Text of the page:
product: travel services
intro: according to the World Tourism Organization, “sustainable tourism development meets the needs of the present tourists and host regions while protecting and enhancing the opportunity for the future. It is envisaged as leading to management of all resources in such a way that economic, social and aesthetic needs can be fulfilled, while maintaining cultural integrity, essential ecological processes, biological diversity and life support systems”. Sustainability, for tourism as for other industries, calls for optimum use of resources, including biological diversity; minimisation of ecological, cultural and social impacts and maximisation of benefits to conservation and local communities.
Since their inaugural trip to the Minaret of Jam in Afghanistan in 1974, Exodus has become the leading adventure travel company in the UK. Today if offers a selection of over 300 tours, and covers some 80 countries worldwide. Among other activities, Exodus offers also cycling holidays that come in all shapes and sizes, from gentle cycling in the Dordogne, to traversing the Kathmandu Valley in the shadow of the mighty Himalayas… In 2000, Exodus developed a Responsible Tourism Policy, which formalises the company’s commitment to develop socially, economically and ecologically sound trips in which:
other experiences: responsible tour operators have been growing in several countries:
- local communities play a fair role in the operations and obtain a fair share of the benefits;
- destinations receive long-term investments and commitments from the company, thus providing economic stability to both;
- the company contributes to conserving the natural resources on which this type of tourism depends.
- to ensure that existing and new trips maximise benefits to local communities and the environment, Exodus’ policy includes: hiring local guides to provide better interpretative experiences and support to the local communities; and purchasing of local products and services where appropriate. Finally, Exodus implements its policy by contributing directly to conservation and development projects.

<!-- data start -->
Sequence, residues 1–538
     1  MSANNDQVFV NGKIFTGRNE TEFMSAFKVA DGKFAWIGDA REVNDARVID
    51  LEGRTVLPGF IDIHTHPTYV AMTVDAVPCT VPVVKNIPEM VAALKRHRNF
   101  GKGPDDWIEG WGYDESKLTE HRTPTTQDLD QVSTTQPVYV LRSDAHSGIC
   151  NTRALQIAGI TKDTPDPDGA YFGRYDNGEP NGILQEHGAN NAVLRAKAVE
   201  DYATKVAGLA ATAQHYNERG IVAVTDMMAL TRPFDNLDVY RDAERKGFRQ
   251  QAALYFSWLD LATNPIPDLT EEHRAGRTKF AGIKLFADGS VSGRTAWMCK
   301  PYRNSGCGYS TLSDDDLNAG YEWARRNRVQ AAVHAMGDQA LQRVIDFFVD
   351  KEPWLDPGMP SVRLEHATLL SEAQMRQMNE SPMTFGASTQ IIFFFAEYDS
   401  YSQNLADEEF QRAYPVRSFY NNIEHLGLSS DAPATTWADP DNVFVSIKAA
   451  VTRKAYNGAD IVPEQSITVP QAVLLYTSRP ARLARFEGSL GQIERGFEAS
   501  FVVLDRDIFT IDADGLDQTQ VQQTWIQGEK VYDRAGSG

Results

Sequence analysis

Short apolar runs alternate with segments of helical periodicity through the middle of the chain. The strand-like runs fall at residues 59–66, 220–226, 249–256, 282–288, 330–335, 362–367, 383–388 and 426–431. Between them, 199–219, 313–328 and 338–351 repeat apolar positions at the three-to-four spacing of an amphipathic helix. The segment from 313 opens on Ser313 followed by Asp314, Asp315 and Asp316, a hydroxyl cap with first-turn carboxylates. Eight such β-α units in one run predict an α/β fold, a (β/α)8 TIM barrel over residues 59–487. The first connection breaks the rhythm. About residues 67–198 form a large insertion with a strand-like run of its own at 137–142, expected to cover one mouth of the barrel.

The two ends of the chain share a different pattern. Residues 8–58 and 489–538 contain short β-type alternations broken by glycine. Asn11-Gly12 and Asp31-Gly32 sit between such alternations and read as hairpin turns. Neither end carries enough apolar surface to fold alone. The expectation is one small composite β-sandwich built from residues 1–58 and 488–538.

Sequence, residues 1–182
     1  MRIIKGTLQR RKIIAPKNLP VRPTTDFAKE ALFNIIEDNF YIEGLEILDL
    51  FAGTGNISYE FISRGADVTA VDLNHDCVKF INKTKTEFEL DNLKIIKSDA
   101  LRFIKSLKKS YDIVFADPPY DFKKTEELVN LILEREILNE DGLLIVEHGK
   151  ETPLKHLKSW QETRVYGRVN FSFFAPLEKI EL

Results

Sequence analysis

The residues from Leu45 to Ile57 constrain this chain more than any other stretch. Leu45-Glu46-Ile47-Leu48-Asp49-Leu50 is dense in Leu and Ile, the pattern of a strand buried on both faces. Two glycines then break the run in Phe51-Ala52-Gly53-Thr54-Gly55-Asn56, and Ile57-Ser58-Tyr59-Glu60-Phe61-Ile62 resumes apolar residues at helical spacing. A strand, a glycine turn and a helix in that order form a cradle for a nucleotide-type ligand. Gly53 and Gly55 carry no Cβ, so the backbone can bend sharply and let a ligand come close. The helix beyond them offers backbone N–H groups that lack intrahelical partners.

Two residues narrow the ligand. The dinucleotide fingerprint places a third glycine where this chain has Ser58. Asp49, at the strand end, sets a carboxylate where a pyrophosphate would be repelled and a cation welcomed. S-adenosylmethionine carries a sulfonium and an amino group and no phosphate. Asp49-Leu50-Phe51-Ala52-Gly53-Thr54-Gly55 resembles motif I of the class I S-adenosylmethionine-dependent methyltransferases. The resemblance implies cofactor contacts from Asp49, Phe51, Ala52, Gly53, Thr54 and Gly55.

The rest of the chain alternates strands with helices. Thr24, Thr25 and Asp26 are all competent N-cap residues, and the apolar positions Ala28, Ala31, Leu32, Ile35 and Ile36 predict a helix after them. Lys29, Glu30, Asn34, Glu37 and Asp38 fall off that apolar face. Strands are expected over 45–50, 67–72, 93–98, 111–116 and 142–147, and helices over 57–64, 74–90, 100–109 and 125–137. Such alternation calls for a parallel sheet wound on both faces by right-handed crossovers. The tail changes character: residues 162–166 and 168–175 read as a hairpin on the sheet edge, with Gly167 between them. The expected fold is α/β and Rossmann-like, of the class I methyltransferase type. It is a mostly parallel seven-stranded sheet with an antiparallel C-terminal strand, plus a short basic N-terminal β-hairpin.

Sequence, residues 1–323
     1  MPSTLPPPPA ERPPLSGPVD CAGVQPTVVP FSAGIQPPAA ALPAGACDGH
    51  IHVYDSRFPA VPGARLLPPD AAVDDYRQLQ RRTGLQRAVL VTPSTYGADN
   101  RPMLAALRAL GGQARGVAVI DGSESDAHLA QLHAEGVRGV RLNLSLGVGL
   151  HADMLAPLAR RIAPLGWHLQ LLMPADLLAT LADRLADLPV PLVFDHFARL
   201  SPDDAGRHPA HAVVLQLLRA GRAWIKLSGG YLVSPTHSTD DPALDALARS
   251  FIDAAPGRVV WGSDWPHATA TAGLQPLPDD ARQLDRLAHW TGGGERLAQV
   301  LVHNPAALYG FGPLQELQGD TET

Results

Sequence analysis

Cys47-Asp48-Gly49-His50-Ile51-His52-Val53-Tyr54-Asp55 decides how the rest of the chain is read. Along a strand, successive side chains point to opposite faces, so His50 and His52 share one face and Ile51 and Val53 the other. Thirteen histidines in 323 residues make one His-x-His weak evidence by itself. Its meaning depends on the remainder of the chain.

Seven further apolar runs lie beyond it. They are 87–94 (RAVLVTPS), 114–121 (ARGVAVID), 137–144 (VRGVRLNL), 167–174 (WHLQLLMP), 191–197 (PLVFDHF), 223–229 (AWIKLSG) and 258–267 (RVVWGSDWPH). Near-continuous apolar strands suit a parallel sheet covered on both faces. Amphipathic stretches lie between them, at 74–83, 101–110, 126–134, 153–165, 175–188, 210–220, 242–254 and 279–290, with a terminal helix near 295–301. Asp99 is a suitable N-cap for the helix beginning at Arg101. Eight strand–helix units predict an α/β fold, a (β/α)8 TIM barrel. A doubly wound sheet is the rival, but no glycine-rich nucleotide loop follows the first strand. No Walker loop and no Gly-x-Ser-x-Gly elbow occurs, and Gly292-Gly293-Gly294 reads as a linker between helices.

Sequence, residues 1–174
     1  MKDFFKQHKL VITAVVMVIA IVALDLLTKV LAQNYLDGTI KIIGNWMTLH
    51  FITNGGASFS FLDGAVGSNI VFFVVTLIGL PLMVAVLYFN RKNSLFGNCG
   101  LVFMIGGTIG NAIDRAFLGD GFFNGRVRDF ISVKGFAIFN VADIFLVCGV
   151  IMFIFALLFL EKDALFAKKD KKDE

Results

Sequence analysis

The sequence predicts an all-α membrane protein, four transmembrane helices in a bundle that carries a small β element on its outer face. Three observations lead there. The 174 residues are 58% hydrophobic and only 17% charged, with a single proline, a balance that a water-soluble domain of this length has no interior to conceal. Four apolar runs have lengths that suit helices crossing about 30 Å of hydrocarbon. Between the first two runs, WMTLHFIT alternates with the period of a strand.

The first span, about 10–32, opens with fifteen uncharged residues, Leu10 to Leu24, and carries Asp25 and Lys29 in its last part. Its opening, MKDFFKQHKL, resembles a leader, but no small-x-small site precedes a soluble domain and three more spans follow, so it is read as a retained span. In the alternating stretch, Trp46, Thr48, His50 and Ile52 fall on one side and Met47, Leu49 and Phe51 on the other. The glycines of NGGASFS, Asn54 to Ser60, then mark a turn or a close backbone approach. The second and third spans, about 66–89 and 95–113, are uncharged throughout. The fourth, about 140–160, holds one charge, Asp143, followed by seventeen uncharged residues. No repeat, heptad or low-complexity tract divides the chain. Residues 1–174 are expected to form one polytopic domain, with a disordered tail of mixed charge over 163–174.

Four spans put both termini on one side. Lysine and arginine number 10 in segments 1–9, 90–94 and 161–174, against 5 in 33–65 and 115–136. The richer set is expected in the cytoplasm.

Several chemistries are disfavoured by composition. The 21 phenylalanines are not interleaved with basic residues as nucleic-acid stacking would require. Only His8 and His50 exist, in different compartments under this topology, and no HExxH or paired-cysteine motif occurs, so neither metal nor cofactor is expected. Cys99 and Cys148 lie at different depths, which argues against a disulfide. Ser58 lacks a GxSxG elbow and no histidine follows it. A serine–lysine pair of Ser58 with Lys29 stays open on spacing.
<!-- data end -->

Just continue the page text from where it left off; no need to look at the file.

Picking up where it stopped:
- in France, Croq’Nature has been organising ‘alternative trekking travels’ formulas since 1985, expanding to the Sahara and northern Africa in 1994. Inspired by the ‘fair tourism’ chart principles, they devote 6% of travel fees to finance local development projects for Saharan nomad populations. [www.croqnature.com]
- Fair Trade Tourism in South Africa is an independent initiative of IUCN (the World Conservation Union) that works toward equitable and sustainable tourism growth and development in South Africa. They do this by promoting the concept of fair trade in tourism, and by creatively and energetically marketing fair and responsible tourism businesses through the ‘Fair Trade in Tourism’ trademark. Options include trips to game parks lodges, adventure tours and guesthouses. [www.fairtourismsa.org.za]
- Costa Rican Rural Tourism offers lodging with families in Acosta. This network is the result of the combined effort of 125 families in Acosta, who offer you a new alternative in rural tourism in Costa Rica. Spanish language programs, horseback riding, hiking, cloud forests, agro-tourism, and volunteer opportunities to support sustainable activities are offered. [www.costaricanruraltourism.org]
These are only few examples of tour operators offering responsible travels packages: a way to satisfy your adventure hunger without compromising the social and environmental equilibrium of the places you’re visiting... Look on the Net for other similar proposals and… have a nice trip!